by Steven Pisano
In the early 1960s, memories of Fascism and Nazism were still fresh in the collective memory of Europe. In Italy, the hateful, xenophobic government of Benito Mussolini had left deep scars on the nation, and the composer Luigi Nono, in a commission from the Venice Biennale, tried to confront these memories by writing his first opera, Intolleranza (Intolerance), dedicated to his father-in-law, Arnold Schoenberg. Last Thursday, the American Symphony Orchestra and Bard Festival Chorale, under the direction of music director Leon Botstein, revived Intolleranza at Carnegie Hall.
In the story, a migrant yearns to return to his homeland from where he has been working in a mine. Along the way, he encounters social protests in the streets, he is wrongfully arrested by the police, and he is thrown in prison and tortured. His desire to simply return home transforms into a zealous passion to fight for a better world, against bureaucracy and governments and social hate. He escapes prison, and along with a woman companion, finally makes his way to the river that borders his homeland, but the river swells over its banks and swallows everything - including the migrant and his companion.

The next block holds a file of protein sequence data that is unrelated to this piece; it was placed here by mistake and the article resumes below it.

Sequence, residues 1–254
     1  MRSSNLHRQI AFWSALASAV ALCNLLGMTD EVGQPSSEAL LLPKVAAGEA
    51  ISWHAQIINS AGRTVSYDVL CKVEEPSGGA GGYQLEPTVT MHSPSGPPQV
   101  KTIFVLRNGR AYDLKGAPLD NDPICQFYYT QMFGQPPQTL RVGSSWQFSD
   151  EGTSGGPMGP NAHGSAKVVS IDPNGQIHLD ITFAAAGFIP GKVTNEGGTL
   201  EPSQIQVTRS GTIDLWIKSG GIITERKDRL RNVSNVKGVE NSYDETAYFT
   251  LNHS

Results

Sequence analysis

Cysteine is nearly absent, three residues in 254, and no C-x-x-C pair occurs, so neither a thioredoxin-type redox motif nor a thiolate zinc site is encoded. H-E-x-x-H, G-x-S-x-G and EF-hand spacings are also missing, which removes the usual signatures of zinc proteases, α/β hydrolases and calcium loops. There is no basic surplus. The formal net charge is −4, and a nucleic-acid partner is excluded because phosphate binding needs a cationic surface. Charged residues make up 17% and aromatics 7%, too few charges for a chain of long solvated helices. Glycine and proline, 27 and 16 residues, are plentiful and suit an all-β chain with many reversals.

It is a story with many resonant ties to our modern world, where millions of refugees have fled from war across Europe, and where in our own country we still are firmly under the sway of the fears engendered by the attacks on September 11, from which were about as far as World War II was for Nono in 1961 when he composed Intolleranza.
Performed in a concert version (without supertitles, but with a printed libretto in the program), the opera lacked the visceral punch it surely would have had if staged as political theater. A video except from a 2011 production at the opera's original home, the jewel-like Teatro la Fenice in Venice, gives an idea of the piece's potential to rail against injustice, perhaps reimagined in a modern-day Syria or Iraq.
Tenor Daniel Weeks shouldered much of the vocal load as the migrant, though given the fact that he was dapperly dressed in black tie, it wasn't easy to picture him as a bedraggled political stranger in a strange land, persecuted by a police state and fighting for his life. Likewise for soprano Serena Benedetti, who was a magnet for the eye in a red dress and jewelry amid an entire stage filled with musicians and choristers dressed in black, not unlike the little girl in red in Steven Spielberg's Schindler's List. Of special note was mezzo Hai-Ting Chinn in a sassy turn as a woman the migrant meets early in his journey. Other featured singers included baritone Matthew Worth, and bass-baritone Carsten Wittmoser.
More photos can be found here.